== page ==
Republicans want to privatize Fannie Mae and Freddie Mac, the mortgage giants at the heart of the financial meltdown. But bad news on house prices has them delaying grand plans.
The November election sent a message of no more bailouts. Yet many states could default on debts in 2012, forcing a crisis. What can be done now?
The CBO weighs in on the idea of a private-public hybrid compromise for Fannie Mae and Freddie Mac.
History, it seems, will remember 2010 in the United States as the year of health-care reform, the Gulf oil spill, and the tea party movement. But the most widely covered stories are clearly not the only events that could shape the future of the nation. Here we note five overlooked stories of 2010 – developments that might have received some press coverage but perhaps not as much as they should have, given the impact they could have on various aspects of American life in the years ahead.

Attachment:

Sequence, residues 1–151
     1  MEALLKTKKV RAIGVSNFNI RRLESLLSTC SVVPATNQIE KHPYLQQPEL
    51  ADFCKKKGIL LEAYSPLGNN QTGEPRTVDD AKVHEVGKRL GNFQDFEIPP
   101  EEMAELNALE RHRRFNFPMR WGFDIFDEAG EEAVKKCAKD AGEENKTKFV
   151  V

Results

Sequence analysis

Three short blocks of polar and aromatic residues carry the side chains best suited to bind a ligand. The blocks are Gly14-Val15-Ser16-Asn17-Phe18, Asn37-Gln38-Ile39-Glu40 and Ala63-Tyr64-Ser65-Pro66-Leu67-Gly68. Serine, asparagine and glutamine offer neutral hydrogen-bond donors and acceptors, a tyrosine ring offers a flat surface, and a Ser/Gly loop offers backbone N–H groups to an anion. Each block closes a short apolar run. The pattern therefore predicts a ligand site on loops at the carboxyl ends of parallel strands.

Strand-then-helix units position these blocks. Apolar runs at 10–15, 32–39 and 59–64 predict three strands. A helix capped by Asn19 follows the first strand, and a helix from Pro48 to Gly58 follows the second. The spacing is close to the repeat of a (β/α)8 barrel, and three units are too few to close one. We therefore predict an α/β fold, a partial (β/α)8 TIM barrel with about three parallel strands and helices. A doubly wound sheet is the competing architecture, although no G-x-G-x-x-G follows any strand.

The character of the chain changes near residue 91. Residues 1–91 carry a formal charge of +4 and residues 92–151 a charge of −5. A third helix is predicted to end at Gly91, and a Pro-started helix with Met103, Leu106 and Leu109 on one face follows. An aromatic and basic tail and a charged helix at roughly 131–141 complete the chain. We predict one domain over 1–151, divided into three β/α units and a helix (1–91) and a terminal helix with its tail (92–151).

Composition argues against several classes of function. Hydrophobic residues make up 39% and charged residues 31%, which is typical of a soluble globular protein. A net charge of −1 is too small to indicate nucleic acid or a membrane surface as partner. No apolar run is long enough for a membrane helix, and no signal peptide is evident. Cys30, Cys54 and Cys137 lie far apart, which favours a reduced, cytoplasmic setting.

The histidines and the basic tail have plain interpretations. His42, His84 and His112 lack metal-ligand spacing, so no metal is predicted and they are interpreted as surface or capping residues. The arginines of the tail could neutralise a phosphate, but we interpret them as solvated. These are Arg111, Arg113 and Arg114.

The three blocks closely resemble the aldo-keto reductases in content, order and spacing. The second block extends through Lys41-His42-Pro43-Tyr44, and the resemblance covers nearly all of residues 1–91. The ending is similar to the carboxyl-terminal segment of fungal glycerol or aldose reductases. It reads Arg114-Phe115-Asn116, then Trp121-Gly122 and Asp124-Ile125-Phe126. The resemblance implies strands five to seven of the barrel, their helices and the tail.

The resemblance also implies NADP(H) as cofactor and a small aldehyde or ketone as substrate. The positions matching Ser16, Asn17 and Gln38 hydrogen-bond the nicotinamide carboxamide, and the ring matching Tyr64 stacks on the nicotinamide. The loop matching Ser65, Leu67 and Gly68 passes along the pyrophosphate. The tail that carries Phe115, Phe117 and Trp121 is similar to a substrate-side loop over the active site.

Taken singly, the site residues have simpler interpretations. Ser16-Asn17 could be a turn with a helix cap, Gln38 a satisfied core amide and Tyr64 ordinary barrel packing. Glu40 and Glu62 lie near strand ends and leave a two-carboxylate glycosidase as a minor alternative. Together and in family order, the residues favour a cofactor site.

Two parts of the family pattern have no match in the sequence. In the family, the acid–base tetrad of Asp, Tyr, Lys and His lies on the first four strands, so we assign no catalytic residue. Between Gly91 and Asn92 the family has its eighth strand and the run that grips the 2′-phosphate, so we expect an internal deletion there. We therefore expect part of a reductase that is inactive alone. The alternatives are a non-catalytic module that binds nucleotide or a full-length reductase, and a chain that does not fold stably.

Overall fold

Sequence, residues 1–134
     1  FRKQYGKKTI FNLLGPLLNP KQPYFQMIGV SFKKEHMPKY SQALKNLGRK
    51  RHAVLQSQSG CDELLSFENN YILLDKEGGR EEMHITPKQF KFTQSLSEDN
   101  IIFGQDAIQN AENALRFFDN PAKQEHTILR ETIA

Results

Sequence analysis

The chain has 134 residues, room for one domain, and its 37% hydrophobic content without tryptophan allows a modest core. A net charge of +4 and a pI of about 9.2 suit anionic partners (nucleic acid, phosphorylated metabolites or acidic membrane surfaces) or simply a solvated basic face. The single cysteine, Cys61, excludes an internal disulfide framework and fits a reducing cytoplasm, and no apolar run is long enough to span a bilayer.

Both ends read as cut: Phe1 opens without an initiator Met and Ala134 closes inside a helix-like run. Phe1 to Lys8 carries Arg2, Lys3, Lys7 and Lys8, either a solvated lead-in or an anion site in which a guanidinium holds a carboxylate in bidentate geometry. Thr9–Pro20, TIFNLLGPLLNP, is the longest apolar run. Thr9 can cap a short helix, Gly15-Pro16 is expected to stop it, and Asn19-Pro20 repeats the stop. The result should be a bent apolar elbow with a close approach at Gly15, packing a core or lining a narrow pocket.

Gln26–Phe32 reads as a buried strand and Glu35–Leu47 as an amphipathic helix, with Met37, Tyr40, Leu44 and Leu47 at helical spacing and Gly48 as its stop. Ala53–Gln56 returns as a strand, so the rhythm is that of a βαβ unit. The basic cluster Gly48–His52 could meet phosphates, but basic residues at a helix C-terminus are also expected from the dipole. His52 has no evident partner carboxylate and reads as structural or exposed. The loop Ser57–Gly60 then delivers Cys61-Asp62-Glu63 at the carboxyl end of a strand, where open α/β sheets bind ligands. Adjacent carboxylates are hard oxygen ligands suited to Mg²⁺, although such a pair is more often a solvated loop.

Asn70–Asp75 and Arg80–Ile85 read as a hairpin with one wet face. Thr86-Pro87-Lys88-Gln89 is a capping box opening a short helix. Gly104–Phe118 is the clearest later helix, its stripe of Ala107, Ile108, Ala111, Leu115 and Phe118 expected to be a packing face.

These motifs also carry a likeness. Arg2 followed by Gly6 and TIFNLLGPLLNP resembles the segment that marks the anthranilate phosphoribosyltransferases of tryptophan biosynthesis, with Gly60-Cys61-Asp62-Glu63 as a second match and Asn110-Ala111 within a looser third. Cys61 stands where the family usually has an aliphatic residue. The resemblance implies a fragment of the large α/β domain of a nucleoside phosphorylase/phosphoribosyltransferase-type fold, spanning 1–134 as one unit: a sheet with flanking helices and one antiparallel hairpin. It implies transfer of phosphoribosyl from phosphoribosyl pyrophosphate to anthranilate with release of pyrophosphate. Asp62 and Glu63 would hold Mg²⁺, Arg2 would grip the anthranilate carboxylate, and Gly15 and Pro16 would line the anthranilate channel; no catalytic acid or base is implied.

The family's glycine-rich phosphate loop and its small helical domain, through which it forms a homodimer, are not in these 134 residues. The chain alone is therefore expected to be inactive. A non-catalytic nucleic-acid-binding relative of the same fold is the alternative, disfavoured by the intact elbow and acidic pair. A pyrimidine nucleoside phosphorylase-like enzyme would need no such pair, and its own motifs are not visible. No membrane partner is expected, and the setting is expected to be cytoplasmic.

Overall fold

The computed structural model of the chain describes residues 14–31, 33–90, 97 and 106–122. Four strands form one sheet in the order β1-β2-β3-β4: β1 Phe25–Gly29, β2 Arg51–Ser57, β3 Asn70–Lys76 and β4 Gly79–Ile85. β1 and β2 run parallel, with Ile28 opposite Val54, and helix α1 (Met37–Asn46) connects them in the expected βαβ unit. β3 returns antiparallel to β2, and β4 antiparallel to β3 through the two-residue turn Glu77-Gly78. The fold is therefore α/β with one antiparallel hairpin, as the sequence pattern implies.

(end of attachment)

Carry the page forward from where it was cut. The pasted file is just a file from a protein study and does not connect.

TARP final cost to US taxpayers is expected to be lower than earlier projections, according to Treasury Secretary Timothy Geithner. Bailed-out companies, such as AIG and GM, have already begun to pay back TARP funds.
Krugman and Wells argue that Fannie, Freddie and the Fed are innocent; the big bad global glut fed the boom that led to the crash.
Ben Bernanke believes that making people feel richer is the key to generating actual wealth. Is he right? We're about to find out.
Will QE2 accelerate the national and international economic decline?
As Obama presses for on a free-trade deal with Korea, where does the tea party stand? Polls say tea partyers do not favor trade pacts, but for many of their allies in Congress, it's a new issue.